Ms O'CONNOR (Clark - Leader of the Greens) - Madam Deputy Speaker, it was lovely to hear that students from TasTAFE took out Student of the Year and Apprentice of the Year at the national awards. It tells the House that TasTAFE as it stands is doing an excellent job in lifting the skills and training of young people and people who need reskilling to enter the workplace. We all want to see young Tasmanians have the education and the skills they need to enter the workforce and contribute to our society. The question is whether corporatising TasTAFE is the path forward.
I listened carefully to the minister's contribution. He said this is all about the students and the learners, but it is not. Even according to PESRAC it is not. What PESRAC is saying is that it needs to be all about industry's needs. This is designed to cater to industry. In fact, when you read this section of the PESRAC report there is a veiled antagonism towards what they call educationalists and a prioritising of the concerns of industry. It is very important that the public training provider provides an education in varied fields. If industry is calling the shots about what courses are provided by TasTAFE, you are going to have a depletion in courses, in diversity of courses and, I argue, in the quality of some of those courses being taught.
If the Government is serious about lifting TasTAFE to the next level, it will make TasTAFE free. If you want to reach people in rural and regional Tasmania and tell them that there are courses available to lift their skills and give them greater employment opportunities, make TasTAFE free. It is the public training provider. Instead, what we have here is a proposal for a government business that would operate on a full cost-recovery basis. We cannot say at this point what that might mean for course costs, but we know now the cost of some TasTAFE courses excludes people.
We urge the Government to be extremely cautious here. When you corporatise a public service into a government business you are putting it behind the walls of corporatism, of it being a business. We have huge transparency concerns about this approach, because every two years the Greens sit opposite, for example, Forestry Tasmania or Hydro Tasmania, and seek information from them on how they are administering their businesses. It is very difficult to get clear, factual information and straight answers out of a government business that knows it is only going to have to face the Greens, for example, every two years.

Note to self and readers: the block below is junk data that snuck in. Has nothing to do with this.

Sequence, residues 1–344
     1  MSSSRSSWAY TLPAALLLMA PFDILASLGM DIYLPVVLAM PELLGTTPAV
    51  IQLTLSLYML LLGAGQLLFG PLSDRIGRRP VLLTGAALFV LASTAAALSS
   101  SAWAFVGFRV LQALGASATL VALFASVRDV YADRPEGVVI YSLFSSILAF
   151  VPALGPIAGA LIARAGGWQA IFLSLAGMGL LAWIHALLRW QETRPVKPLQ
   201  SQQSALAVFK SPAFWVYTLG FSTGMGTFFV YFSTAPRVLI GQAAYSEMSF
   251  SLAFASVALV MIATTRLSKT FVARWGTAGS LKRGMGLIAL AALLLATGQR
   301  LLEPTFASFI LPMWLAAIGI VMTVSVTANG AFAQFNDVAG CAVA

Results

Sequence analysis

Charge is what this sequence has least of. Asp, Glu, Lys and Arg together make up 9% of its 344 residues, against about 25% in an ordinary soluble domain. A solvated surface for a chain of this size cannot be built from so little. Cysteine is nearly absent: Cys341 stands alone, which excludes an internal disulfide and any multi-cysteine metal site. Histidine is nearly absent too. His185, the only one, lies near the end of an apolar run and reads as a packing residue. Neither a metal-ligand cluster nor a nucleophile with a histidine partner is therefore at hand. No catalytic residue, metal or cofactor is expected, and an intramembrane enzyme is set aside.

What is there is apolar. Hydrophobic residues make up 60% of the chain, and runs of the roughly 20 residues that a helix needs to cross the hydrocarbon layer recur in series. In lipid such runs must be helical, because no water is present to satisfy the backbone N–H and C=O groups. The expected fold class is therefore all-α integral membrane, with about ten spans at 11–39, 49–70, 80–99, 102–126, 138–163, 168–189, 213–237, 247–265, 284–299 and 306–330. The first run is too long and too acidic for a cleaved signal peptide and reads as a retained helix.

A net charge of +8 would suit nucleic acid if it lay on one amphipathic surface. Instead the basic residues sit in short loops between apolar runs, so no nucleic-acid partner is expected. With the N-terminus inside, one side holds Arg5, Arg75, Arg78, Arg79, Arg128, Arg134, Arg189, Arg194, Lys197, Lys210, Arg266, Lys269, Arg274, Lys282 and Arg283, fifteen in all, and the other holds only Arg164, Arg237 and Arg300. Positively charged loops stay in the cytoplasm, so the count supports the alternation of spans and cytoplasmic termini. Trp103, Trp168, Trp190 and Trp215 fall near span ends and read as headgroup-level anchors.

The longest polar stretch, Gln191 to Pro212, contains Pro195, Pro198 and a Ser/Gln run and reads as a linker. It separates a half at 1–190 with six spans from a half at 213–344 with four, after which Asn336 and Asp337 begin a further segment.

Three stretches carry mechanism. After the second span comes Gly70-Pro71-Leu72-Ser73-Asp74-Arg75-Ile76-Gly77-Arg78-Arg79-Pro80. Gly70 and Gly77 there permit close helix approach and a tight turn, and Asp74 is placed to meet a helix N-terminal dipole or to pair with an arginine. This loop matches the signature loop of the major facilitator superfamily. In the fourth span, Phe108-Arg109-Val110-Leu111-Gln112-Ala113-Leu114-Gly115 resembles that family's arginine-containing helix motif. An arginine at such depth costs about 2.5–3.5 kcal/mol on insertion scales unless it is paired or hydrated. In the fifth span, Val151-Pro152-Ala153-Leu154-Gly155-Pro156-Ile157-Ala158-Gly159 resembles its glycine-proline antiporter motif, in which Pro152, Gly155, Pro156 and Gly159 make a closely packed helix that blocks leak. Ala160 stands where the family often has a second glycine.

There are legitimate concerns about what this will mean to the quality of public training, what it will mean to the staff at TasTAFE, and to the diversity of courses that are available to students. It cannot all be about what industry needs. That is a blunt instrument approach. I take on board what Ms O'Byrne said earlier about how this played out in South Australia. I do not think PESRAC has made the case in its report, although there is much in the PESRAC report that is of high quality. I commend chapter 6 to members, which is the chapter on the environment and sustainability, but the lens through which this section of the report has been written is very industry focused.
Of course we need to make sure that the skills are there for industry but we need to provide a rich educational opportunity to people who go to TasTAFE, and industry is not going to necessarily say that the jobs of the future are in green skills or renewable skills. Industry is not necessarily going to say we need 10 000 new age and disability care workers over the next 10 years so we need to invest in that part of the economy.
We are strongly of the view that the Government needs to be extremely cautious here because TasTAFE has been used as a political football before and it is the students and staff of TasTAFE who suffer when that happens. We believe that if the Government is really serious about providing those opportunities, particularly to young people, they should make TasTAFE courses free. They should recognise that a huge part of the skills for the future that will be needed are in green skills, in re-wilding and the repair of nature and repairing degraded landscapes. We do not believe there are industries in Tasmania that will promote the need for those skills. We are concerned about how this might play out in making sure that TasTAFE is able to provide the diversity of skills that are required for the future.
While the minister has said he is a big supporter of TasTAFE, on his watch $1 million went to the Tasmanian Hospitality Association and the Tourism Industry Council of Tasmania to establish a private registered training organisation. That is money that should have gone into TasTAFE to support the work undertaken at Drysdale House for the hospitality sector. It might have been part of the payback from the last state election, who can say, but a choice was made to allocate $1 million to create a new entity, not to fill a gap, because that gap was being filled by TasTAFE itself through Drysdale House.
Imagine what they could have done at Drysdale with an extra $1 million and extra staffing to go into skilling up people for the hospitality sector? We have never had a straight answer out of Government about that funding decision. It was a slap in the face for TasTAFE. In part, it must have been the Tourism Hospitality Association that undermined TasTAFE and that is our concern about the future when industry is calling the shots.